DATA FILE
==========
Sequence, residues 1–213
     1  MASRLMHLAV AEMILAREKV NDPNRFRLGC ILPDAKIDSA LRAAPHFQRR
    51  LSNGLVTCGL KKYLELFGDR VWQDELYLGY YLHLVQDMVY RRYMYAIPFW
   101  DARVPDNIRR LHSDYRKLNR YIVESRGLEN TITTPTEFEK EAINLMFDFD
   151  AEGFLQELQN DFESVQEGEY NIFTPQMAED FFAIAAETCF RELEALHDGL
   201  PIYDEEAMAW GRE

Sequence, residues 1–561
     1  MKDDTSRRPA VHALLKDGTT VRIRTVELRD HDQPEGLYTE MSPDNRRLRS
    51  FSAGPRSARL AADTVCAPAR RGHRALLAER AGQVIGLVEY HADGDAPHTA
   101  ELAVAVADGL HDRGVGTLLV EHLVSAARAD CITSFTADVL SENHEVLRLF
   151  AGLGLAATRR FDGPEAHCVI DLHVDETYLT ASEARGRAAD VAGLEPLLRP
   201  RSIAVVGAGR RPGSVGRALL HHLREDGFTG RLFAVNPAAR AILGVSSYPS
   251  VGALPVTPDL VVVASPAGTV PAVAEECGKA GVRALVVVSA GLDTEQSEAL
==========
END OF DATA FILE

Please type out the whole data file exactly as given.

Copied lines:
Sequence, residues 1–213
     1  MASRLMHLAV AEMILAREKV NDPNRFRLGC ILPDAKIDSA LRAAPHFQRR
    51  LSNGLVTCGL KKYLELFGDR VWQDELYLGY YLHLVQDMVY RRYMYAIPFW
   101  DARVPDNIRR LHSDYRKLNR YIVESRGLEN TITTPTEFEK EAINLMFDFD
   151  AEGFLQELQN DFESVQEGEY NIFTPQMAED FFAIAAETCF RELEALHDGL
   201  PIYDEEAMAW GRE

Sequence, residues 1–561
     1  MKDDTSRRPA VHALLKDGTT VRIRTVELRD HDQPEGLYTE MSPDNRRLRS
    51  FSAGPRSARL AADTVCAPAR RGHRALLAER AGQVIGLVEY HADGDAPHTA
   101  ELAVAVADGL HDRGVGTLLV EHLVSAARAD CITSFTADVL SENHEVLRLF
   151  AGLGLAATRR FDGPEAHCVI DLHVDETYLT ASEARGRAAD VAGLEPLLRP
   201  RSIAVVGAGR RPGSVGRALL HHLREDGFTG RLFAVNPAAR AILGVSSYPS
   251  VGALPVTPDL VVVASPAGTV PAVAEECGKA GVRALVVVSA GLDTEQSEAL